The angle of a house (Job 1:19) or a street (Prov. 7:8).
"Corners" in Neh. 9:22 denotes the various districts of the
promised land allotted to the Israelites. In Num. 24:17, the
"corners of Moab" denotes the whole land of Moab. The "corner of
a field" (Lev. 19:9; 23:22) is its extreme part, which was not
to be reaped. The Jews were prohibited from cutting the
"corners," i.e., the extremities, of the hair and whiskers
running round the ears (Lev. 19:27; 21:5). The "four corners of
the earth" in Isa. 11:12 and Ezek. 7:2 denotes the whole land.
The "corners of the streets" mentioned in Matt. 6:5 means the
angles where streets meet so as to form a square or place of
public resort.

The corner gate of Jerusalem (2 Kings 14:13; 2 Chr. 26:9) was
on the north-west side of the city.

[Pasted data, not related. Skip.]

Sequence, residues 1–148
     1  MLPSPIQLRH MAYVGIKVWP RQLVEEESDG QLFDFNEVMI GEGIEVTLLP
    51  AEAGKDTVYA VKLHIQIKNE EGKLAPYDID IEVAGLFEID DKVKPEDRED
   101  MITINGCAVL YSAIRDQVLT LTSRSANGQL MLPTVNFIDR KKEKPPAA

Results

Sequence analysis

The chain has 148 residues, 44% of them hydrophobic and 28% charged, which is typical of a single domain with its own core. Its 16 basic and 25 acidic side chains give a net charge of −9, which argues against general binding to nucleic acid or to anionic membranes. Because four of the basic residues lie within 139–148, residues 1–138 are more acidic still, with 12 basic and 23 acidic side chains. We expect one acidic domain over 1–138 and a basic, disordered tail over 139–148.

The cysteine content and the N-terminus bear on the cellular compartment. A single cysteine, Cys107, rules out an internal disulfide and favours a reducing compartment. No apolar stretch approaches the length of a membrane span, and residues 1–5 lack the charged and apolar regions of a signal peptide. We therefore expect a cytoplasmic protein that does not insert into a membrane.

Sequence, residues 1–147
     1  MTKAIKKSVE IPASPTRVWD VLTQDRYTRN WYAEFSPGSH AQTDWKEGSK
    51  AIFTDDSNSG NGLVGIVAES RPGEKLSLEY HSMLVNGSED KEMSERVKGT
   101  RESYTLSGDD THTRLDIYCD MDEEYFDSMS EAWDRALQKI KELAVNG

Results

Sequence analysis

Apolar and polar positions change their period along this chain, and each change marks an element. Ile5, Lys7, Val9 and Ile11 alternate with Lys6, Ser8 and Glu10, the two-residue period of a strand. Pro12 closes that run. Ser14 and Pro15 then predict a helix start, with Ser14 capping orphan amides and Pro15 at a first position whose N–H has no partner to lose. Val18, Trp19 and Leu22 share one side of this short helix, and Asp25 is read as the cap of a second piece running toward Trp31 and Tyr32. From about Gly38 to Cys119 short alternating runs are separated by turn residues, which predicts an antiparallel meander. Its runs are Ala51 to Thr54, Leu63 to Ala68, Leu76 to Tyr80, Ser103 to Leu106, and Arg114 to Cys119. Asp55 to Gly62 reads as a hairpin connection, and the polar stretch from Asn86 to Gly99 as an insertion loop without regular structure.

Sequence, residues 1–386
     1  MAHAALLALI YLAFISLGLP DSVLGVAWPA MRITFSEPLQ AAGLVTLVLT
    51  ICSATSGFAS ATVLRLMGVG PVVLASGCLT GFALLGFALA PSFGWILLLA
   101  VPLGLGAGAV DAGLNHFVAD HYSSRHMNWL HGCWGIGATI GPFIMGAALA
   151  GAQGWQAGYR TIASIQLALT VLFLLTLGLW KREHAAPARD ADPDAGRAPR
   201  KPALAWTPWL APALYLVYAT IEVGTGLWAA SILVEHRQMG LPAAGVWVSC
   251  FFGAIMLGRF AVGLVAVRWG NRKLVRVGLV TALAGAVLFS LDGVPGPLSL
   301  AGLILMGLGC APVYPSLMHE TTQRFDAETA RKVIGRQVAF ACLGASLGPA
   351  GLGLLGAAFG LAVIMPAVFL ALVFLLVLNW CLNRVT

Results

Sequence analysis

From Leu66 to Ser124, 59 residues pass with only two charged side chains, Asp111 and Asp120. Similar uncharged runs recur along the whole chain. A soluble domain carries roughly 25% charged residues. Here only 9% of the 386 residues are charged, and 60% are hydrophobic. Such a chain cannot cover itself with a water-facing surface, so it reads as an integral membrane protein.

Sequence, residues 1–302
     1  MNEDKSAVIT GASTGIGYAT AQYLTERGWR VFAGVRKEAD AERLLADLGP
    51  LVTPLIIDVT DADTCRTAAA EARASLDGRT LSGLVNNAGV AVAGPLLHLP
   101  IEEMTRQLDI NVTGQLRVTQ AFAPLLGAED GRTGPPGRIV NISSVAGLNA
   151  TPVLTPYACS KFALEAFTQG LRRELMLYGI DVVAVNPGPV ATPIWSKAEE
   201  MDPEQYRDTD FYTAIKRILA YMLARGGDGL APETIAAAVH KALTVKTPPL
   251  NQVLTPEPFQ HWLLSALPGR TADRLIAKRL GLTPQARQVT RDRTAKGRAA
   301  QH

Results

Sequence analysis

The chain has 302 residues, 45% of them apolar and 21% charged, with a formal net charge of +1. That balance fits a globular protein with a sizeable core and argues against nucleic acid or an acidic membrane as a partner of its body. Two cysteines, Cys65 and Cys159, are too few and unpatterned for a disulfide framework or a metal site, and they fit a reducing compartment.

Corner-stone (Job 38:6; Isa. 28:16), a block of great
importance in binding together the sides of a building. The
"head of the corner" (Ps. 118:22, 23) denotes the coping, the
"coign of vantage", i.e., the topstone of a building. But the
word "corner stone" is sometimes used to denote some person of
rank and importance (Isa. 28:16). It is applied to our Lord, who
was set in highest honour (Matt. 21:42). He is also styled "the
chief corner stone" (Eph. 2:20; 1 Pet. 2:6-8). When Zechariah
(10:4), speaking of Judah, says, "Out of him came forth the
corner," he is probably to be understood as ultimately referring
to the Messiah as the "corner stone." (See TEMPLE, SOLOMON'S